The Social Democrats found their way into NKP's analyzes of April 1940, when, because of the Hitler-Stalin pact, they laid the main blame for the war and the occupation of Britain and France. But it was concluded that the NKP at the same time made vigorous attacks against Quisling and warned that an NS government would lead to dictatorship and Jewish persecution. Faroey writes that most political groups at that time believed in the German assurances that the occupation had only a military, not political, character. The Storting parties then negotiated to establish a national council that could enter into a peace agreement with the occupying power.

We learn from the Faroe Islands review that NKP was banned on August 16, 1940, a month before the other parties. In July 1941, the communist-led Osvaldgruppe initiated sabotage campaigns. During 1942, NKP had established military groups in Eastern Norway, Bergen and Trøndelag. In the fall of 1944, NKP had active sabotage groups in Oslo, Bergen, Stavanger, Drammen and Vestfold. According to Faroe, the Communist refugee routes had "far greater capacity" than the others, and according to the party itself, their illegal press was the largest in the home front.

According to the Faroe Islands, on the other hand, the leadership of the civil resistance struggle, Kretsen, assumed early on that "all cases of violent attacks" were to be regarded as terrorist acts ". The military part of the home front, Milorg, also appeared at first as "categorical opponents of acts of sabotage". In September 1942, Foreign Minister Trygve Lie asked the Soviet Union to prevent the Norwegian Communists from committing "new terrorist acts". These were the dominant attitudes until the summer of 1944, long after the Communists had begun their military resistance against the occupiers and the NS.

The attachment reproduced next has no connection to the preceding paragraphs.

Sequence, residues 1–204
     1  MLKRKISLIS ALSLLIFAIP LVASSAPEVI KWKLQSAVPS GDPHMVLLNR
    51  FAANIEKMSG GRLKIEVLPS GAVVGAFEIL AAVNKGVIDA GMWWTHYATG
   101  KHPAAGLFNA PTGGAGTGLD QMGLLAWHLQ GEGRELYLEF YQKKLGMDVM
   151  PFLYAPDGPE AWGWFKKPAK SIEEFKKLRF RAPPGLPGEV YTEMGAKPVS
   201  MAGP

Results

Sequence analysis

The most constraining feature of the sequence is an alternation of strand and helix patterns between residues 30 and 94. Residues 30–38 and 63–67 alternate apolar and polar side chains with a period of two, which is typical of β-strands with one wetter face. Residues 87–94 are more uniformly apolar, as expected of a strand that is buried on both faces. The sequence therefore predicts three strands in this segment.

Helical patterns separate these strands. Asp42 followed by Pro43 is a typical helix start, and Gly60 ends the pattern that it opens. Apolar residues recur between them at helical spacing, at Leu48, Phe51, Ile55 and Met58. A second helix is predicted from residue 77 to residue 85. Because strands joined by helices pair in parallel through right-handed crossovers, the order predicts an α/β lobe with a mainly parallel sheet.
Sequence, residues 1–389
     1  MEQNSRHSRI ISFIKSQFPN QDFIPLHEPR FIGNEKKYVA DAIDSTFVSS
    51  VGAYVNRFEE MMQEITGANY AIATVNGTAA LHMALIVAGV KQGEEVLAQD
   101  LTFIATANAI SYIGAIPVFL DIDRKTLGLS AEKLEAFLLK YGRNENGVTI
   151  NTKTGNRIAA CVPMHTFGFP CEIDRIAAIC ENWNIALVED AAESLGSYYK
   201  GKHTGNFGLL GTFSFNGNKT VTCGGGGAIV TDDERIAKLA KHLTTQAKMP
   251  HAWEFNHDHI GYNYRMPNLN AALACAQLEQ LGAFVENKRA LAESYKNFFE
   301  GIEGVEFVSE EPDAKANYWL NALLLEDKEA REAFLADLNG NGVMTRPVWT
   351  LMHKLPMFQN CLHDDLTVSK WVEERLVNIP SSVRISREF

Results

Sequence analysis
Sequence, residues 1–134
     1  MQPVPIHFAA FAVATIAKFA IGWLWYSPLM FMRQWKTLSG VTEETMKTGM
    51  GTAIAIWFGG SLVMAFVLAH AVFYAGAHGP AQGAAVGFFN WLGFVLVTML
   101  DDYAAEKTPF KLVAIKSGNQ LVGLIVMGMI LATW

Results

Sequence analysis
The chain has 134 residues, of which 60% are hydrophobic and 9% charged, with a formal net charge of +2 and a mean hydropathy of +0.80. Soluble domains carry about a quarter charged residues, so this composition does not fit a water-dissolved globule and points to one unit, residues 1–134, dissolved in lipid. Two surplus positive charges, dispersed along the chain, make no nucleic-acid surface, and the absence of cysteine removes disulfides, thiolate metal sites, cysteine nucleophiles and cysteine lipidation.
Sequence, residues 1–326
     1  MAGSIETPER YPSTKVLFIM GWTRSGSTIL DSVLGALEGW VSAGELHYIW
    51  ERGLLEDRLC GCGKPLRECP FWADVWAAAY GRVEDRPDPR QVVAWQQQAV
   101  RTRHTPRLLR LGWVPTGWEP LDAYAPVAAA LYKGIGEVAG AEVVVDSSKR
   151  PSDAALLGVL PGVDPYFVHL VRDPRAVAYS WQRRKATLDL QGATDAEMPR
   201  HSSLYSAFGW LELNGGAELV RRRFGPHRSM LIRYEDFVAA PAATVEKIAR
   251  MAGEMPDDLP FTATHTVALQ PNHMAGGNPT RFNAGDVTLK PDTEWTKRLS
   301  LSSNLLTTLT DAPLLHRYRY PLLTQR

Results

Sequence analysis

The Faroe Islands' review shows that the communists began their military resistance struggle long before Milorg and the Norwegian exile government.

Communists' many efforts to merge their organizations with the rest of the home front were brutally rejected. And Faroe says that the most anti-communist forces in the home front were the social democrats, not the bourgeois. What was the cause of the Social Democratic aversion to Communists? Faroe Islands point to hostility from the interwar period and fear that "wild actions" could lead to reprisals and jeopardize the security of the resistance groups. Neither the government nor the home front doubted that the Communists aimed to restore the pre-war democratic order.